Are there any legal or ethical issues regarding using hearing aids with a tinnitus manager for patients with normal hearing but have tinnitus, if the amplifier is turned off and only the tinnitus manager is utilized?
Dennis Van Vliet: Legal issues are defined on a state by state basis. The idea of using mild amplification as a method for tinnitus relief, properly applied with objective measures to demonstrate that the wearer won’t be exposed to excessive sound pressure levels, can be defended on the basis of outcomes if the patient expresses that subjective benefit was experienced from the treatment. Similarly, treatment with sound therapy can be defended as long as the treatment is within the scope of practice for the hearing professional in the jurisdiction where the treatment was delivered.
Ethical issues are not legal issues. If a hearing aid, or any therapy device or procedure is recommended following evidence based practice with no offer of guarantee of a cure or success, the treatment may satisfy ethical principles.
Part of the philosophy of developing the Xino tinnitus device was that clinicians may need the flexibility to experiment with amplification and sound generation therapy to see if relief can be achieved with either approach, or a combination. As long as the patient is given a reasonable opportunity to assess the benefit, and make a final decision about continuing with the treatment or not, I cannot see how there would be an ethical problem. Legal issues are again locally defined.
Lindsay Prusick: In order to bring a tinnitus device to market, every manufacturer must go through a rigorous clearance process with the Food and Drug Administration (FDA). The device is only cleared by the FDA if the manufacturer demonstrates that the device will not represent a potential unreasonable risk of injury, specifically in the form of worsening tinnitus and in the form of additional hearing loss due to long term exposure to amplification to the intended user. Starkey developed the Xino tinnitus device for individuals who have either normal or impaired hearing. Therefore, we had to identify any potential risks that the device may pose to a user and provide methods to diminish these risks. To address the risks, the tinnitus stimulus maximum output was limited to a level that a user could listen to up to 16 hours without exceeding generally accepted noise exposure limits, and in the user operation manual we state to the user:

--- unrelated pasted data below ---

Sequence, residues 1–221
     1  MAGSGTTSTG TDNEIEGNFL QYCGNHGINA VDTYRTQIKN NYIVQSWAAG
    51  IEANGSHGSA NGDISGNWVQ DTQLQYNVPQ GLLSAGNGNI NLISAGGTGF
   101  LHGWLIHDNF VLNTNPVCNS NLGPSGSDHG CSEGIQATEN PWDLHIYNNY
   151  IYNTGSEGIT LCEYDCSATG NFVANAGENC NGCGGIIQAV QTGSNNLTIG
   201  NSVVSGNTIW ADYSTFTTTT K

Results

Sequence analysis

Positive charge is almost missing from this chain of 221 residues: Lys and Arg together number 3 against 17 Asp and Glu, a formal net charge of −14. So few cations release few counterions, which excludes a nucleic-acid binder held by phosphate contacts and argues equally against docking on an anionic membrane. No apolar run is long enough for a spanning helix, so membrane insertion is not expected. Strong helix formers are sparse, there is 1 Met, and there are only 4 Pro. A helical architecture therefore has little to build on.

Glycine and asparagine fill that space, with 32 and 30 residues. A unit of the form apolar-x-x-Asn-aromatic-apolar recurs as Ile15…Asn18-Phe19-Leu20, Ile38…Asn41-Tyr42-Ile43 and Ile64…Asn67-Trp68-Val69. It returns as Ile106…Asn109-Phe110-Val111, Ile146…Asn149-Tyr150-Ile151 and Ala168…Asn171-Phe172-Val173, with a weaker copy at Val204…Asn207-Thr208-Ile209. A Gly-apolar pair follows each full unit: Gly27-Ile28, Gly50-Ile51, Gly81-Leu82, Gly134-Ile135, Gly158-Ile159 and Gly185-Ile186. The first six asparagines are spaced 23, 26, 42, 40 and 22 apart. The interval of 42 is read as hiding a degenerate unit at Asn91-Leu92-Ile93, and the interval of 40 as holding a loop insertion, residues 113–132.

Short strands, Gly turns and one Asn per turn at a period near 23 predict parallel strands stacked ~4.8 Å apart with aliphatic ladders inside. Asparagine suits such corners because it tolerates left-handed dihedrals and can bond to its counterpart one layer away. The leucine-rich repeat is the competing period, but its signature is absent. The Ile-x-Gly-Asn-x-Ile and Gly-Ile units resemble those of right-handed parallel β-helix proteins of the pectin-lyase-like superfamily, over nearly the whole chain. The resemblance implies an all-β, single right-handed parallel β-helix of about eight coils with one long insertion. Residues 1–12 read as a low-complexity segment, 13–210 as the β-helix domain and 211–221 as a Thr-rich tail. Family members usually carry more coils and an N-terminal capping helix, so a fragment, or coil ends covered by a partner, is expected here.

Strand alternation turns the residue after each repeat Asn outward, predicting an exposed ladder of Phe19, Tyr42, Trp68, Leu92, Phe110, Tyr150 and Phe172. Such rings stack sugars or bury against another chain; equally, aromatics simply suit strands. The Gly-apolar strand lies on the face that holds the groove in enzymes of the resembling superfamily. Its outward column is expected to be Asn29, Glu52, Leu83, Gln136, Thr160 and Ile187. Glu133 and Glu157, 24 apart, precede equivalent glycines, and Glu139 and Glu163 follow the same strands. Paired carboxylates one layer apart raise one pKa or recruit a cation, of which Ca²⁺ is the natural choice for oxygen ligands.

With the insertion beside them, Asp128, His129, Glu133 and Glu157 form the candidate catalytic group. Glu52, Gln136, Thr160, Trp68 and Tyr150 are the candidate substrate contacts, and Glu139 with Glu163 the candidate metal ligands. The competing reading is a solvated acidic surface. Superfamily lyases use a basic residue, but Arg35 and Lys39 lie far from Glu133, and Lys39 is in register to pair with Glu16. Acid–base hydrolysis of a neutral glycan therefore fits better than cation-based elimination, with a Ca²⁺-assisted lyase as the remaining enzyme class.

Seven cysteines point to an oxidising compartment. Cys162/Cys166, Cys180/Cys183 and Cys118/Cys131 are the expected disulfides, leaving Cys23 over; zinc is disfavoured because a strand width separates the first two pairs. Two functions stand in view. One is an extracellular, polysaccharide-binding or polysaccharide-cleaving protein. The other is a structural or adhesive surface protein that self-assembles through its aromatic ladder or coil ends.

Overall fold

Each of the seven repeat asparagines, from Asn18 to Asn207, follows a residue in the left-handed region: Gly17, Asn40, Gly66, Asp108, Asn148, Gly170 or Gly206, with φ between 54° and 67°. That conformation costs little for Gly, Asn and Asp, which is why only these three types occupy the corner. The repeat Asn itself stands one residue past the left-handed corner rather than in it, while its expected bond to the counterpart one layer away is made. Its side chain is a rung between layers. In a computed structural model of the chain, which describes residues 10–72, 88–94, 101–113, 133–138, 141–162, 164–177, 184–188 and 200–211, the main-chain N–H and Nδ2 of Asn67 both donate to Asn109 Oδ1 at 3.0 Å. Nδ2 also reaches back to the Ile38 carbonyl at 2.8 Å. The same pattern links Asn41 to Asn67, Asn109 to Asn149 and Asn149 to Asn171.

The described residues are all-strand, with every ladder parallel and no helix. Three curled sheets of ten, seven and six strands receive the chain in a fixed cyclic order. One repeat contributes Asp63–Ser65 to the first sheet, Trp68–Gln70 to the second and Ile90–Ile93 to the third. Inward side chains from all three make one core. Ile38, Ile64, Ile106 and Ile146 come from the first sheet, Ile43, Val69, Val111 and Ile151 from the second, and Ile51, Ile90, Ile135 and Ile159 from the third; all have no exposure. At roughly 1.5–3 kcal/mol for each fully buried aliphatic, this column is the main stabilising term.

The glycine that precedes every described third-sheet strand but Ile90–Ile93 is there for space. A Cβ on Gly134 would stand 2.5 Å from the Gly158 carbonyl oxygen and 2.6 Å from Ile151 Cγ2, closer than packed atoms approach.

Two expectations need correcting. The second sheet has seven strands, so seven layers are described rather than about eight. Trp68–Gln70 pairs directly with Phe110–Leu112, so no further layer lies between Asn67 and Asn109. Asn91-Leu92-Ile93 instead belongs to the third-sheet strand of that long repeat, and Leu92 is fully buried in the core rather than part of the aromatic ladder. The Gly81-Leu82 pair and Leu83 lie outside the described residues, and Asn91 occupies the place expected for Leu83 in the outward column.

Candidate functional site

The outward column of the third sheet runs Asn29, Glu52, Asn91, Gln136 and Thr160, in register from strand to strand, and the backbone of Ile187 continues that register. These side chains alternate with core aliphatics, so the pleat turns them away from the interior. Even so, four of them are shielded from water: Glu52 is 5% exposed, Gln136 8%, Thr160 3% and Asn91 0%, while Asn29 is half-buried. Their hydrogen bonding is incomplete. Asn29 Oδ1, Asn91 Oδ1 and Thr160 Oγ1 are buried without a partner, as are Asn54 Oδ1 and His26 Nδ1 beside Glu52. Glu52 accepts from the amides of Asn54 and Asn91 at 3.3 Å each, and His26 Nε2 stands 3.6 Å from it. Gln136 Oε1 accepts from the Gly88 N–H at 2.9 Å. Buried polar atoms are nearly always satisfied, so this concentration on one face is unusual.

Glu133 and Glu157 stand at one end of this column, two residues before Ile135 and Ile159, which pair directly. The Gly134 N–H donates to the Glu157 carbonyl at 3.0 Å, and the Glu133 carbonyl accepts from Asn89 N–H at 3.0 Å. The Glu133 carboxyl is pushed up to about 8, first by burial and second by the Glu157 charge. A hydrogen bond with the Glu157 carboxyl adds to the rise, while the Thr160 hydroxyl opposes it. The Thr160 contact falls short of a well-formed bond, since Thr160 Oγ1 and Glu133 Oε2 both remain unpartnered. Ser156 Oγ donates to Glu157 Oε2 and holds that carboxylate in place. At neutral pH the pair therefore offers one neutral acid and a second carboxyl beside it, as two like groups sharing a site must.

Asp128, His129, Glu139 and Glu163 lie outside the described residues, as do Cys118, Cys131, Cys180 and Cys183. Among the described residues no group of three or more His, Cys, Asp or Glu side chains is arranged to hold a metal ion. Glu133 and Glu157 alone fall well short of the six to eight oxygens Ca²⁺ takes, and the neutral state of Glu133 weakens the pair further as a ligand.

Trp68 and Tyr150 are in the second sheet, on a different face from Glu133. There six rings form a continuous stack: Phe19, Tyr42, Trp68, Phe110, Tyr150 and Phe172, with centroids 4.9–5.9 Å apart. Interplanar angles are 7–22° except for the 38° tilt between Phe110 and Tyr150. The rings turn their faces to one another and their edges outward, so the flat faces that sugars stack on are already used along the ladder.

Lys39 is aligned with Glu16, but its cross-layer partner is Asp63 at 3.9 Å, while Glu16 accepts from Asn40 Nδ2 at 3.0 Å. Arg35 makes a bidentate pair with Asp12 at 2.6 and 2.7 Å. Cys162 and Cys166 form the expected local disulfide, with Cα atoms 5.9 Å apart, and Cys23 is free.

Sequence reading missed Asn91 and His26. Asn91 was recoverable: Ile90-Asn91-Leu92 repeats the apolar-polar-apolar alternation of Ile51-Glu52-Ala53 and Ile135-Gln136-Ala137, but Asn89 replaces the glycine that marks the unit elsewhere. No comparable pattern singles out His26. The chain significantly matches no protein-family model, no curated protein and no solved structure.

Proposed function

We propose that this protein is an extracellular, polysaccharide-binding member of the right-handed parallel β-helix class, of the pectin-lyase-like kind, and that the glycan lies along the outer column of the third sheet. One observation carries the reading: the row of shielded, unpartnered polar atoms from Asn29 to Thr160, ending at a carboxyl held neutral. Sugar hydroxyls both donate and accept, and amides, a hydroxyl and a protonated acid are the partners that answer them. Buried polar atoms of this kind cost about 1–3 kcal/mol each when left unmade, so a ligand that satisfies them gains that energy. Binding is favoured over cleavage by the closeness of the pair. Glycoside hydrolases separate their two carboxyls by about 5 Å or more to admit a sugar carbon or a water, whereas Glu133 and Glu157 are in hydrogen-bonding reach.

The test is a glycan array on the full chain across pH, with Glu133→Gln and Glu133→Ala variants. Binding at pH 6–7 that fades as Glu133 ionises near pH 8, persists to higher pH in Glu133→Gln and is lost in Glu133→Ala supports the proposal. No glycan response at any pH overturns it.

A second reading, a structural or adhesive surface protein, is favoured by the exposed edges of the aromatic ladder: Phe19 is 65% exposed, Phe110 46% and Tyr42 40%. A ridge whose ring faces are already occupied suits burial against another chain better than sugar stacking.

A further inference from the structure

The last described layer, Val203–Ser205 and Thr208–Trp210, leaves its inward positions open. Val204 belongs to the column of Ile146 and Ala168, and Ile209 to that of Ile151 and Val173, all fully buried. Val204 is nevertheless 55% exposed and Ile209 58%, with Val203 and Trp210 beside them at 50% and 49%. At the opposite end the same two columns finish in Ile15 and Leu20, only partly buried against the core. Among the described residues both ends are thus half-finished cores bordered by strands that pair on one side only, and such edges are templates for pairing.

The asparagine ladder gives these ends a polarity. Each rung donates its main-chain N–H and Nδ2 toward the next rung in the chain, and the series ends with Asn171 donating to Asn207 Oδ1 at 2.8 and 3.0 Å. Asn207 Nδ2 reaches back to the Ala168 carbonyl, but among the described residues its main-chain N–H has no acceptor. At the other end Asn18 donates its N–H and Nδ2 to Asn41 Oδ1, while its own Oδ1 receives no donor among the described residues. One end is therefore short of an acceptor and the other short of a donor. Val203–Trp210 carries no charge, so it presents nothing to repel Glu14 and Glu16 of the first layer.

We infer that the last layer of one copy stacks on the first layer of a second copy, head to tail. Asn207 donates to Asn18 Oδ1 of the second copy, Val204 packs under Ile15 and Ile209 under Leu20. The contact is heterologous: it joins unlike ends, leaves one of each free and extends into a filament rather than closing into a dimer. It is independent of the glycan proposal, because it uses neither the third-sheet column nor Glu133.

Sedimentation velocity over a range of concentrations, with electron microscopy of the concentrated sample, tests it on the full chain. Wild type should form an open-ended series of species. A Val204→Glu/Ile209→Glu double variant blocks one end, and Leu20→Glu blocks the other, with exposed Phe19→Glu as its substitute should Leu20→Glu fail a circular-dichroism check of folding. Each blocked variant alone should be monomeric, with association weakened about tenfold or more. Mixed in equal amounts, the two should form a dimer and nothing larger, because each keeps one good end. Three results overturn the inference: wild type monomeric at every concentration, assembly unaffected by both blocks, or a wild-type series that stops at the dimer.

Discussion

There are some potential concerns associated with the use of any sound generating tinnitus therapy device. Among them are the potential for worsening of tinnitus, a possible change in hearing thresholds, and possible skin irritation at the point of contact with the device.
Multiflex Tinnitus Technology has been designed to minimize these concerns. However, should you experience or notice any of the above conditions you should immediately discontinue use of the device and seek a consultation with a medical, audiology, or other hearing care professional.
Caution: If set to the maximum output level and worn for periods of time exceeding the recommendations below, your exposure to sound energy has the potential to exceed noise exposure limits. You should not use your Starkey hearing device for more than sixteen (16) hours a day if your device is set at the maximum output level, nor should you use yourdevice if your hearing care professional has set the device at levels that exceed your comfort level.
Thank you for your question!